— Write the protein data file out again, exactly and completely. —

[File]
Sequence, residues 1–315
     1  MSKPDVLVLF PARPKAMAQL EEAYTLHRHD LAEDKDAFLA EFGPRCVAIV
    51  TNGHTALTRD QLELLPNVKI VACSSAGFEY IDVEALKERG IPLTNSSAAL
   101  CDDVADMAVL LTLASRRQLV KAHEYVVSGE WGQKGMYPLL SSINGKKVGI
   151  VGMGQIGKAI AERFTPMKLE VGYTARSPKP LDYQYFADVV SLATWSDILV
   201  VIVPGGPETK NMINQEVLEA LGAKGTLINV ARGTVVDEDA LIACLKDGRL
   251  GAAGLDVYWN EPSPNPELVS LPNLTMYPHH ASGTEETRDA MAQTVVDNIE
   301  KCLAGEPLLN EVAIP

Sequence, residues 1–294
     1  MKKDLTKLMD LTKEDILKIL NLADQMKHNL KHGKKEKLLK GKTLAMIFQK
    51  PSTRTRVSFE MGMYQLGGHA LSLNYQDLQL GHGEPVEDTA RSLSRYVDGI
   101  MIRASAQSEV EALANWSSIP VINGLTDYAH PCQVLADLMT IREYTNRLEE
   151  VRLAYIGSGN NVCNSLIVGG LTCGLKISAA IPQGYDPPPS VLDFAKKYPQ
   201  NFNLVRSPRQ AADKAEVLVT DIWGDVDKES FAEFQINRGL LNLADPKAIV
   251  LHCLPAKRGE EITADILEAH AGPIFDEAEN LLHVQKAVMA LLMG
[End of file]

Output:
Sequence, residues 1–315
     1  MSKPDVLVLF PARPKAMAQL EEAYTLHRHD LAEDKDAFLA EFGPRCVAIV
    51  TNGHTALTRD QLELLPNVKI VACSSAGFEY IDVEALKERG IPLTNSSAAL
   101  CDDVADMAVL LTLASRRQLV KAHEYVVSGE WGQKGMYPLL SSINGKKVGI
   151  VGMGQIGKAI AERFTPMKLE VGYTARSPKP LDYQYFADVV SLATWSDILV
   201  VIVPGGPETK NMINQEVLEA LGAKGTLINV ARGTVVDEDA LIACLKDGRL
   251  GAAGLDVYWN EPSPNPELVS LPNLTMYPHH ASGTEETRDA MAQTVVDNIE
   301  KCLAGEPLLN EVAIP

Sequence, residues 1–294
     1  MKKDLTKLMD LTKEDILKIL NLADQMKHNL KHGKKEKLLK GKTLAMIFQK
    51  PSTRTRVSFE MGMYQLGGHA LSLNYQDLQL GHGEPVEDTA RSLSRYVDGI
   101  MIRASAQSEV EALANWSSIP VINGLTDYAH PCQVLADLMT IREYTNRLEE
   151  VRLAYIGSGN NVCNSLIVGG LTCGLKISAA IPQGYDPPPS VLDFAKKYPQ
   201  NFNLVRSPRQ AADKAEVLVT DIWGDVDKES FAEFQINRGL LNLADPKAIV
   251  LHCLPAKRGE EITADILEAH AGPIFDEAEN LLHVQKAVMA LLMG